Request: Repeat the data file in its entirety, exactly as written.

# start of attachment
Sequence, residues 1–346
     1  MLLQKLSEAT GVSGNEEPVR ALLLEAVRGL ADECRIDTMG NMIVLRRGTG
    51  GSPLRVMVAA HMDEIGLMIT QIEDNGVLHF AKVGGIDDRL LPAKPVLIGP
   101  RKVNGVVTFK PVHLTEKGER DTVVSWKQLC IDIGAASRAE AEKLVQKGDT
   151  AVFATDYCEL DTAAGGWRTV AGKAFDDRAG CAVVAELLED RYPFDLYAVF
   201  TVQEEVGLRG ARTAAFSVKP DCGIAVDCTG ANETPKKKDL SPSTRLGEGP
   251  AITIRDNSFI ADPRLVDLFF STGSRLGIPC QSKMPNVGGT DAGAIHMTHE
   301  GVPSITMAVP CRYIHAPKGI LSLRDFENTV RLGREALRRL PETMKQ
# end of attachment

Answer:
Sequence, residues 1–346
     1  MLLQKLSEAT GVSGNEEPVR ALLLEAVRGL ADECRIDTMG NMIVLRRGTG
    51  GSPLRVMVAA HMDEIGLMIT QIEDNGVLHF AKVGGIDDRL LPAKPVLIGP
   101  RKVNGVVTFK PVHLTEKGER DTVVSWKQLC IDIGAASRAE AEKLVQKGDT
   151  AVFATDYCEL DTAAGGWRTV AGKAFDDRAG CAVVAELLED RYPFDLYAVF
   201  TVQEEVGLRG ARTAAFSVKP DCGIAVDCTG ANETPKKKDL SPSTRLGEGP
   251  AITIRDNSFI ADPRLVDLFF STGSRLGIPC QSKMPNVGGT DAGAIHMTHE
   301  GVPSITMAVP CRYIHAPKGI LSLRDFENTV RLGREALRRL PETMKQ